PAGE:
If you weave your way East, down the narrow street away from the Barkor, you’ll find the Muslim quarter, which is home to Lhasa’s only mosque. Nearby, down a winding alleyway, you can find Droepenling, an artist cooperative that sells handmade, high-quality goods, for a high but fair price.
Keep heading East, through the Muslim gate to the Barkor, take a right, and you’ll find yourself on an intersection that crosses Jiangsu Luo. From this intersection, you’ll notice a walled-in compound, complete with two-to-six-storied buildings painted white with red and black accents. This is the St. Regis Lhasa Resort, which was opened in November of 2010. On the outside, the St. Regis looks like a modernist twist on Tibetan architecture. On the inside, it hosts handmade Tibetan artifacts, paintings by a Shanghai-based French artist, and most notably, the lobby has floor-to-ceiling windows with a birds-eye view of the Potala Palace. If you’re looking to relax in style but can’t afford the steep room rates, the St. Regis has a tea room and restaurant on the same floor as the lobby, as well as a gift shop that carries handmade Tibetan goods and imported English-language magazines—Vogue and National Geographic, to name a few.
If the St. Regis isn’t your style, head back to the Barkor to grab food and drinks from the myriad number of restaurants and cafes. Gangkyi restaurant lies at the head of the square in front of the Jokhang, and offers a decently-priced menu as well as a beautiful view of the happenings on the street below. Summit Café, in the entrance to the Shambhala Hotel, is an American-owned café that employs Tibetan workers, and offers the best cup of coffee in Lhasa (as well as the cleanest toilets). Across from Summit lies Café Nomad, a warm Tibetan-owned restaurant that has nice views of the street from the window, as well as great food. Spin Café, a Tibetan-owned café located in an alley off of Beijing Luo, is a low-key little place to hole up in with a cup of tea. Lastly, La Bon Vie—Summit Café’s sister restaurant—lies on the second story of a building on Beijing Luo, the entrance of which is on Ramoche Road. In addition to great coffee, La Bon Vie serves pizza, salads, and French fries, if you’re feeling homesick.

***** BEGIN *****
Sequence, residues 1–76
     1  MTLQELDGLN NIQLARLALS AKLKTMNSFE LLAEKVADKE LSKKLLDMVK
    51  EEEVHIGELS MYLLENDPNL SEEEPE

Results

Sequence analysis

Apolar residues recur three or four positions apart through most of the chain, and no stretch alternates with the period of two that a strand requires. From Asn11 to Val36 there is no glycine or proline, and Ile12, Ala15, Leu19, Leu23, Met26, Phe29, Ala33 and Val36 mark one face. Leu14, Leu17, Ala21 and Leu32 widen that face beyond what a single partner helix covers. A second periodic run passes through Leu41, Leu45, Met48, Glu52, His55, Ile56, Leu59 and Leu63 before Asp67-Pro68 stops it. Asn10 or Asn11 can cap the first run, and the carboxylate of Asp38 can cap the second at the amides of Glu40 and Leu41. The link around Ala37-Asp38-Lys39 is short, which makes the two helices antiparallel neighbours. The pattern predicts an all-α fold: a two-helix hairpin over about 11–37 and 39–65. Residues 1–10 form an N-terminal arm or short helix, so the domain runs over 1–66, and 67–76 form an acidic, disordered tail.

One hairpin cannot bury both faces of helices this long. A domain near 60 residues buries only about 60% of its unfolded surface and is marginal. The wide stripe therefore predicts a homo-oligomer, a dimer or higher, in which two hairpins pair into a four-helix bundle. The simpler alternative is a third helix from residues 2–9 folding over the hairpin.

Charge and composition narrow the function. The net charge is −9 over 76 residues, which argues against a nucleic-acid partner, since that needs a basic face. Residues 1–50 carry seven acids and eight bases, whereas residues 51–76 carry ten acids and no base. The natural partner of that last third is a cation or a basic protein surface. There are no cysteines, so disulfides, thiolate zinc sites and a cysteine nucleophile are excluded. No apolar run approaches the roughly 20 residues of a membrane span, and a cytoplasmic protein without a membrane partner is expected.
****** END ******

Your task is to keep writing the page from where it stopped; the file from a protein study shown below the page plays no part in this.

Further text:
If you’ve spent hours around the Barkor and want to explore Lhasa’s more modern side, head West on the road leading out of the Jokhang square, and you’ll quickly start seeing a change in scenery. Small Tibetan shops morph into clothing stores and malls that boast well-known brands like Nike and the like. At the end of the road lies the Lhasa Department Store, opened in the fall of 2010. The department store and the nearby Baiyu Supermarket offer hours of entertainment. Even if shopping isn’t your thing, it is still worth a look to expose yourself to Lhasa’s new-found modernity. If you’d rather not window shop, try your hand at a game of snooker—a popular sport some locals play avidly in Lhasa. There is a snooker hall conveniently located just across the way, on the fourth floor above a second Xinhua Bookstore.
When the sun sets, a good place to end your night is in the giant park in front of the Potala Palace, where water fountains have been installed in the middle of the giant square. Much like Disney’s Epcot, synchronized water shoots from the ground, accompanied by lights and music, with the enormous Potala lit up in the background. The park also holds a lake, with beautiful trees and walkways winding through it, and even benches to rest your feet after your walking tour of Lhasa.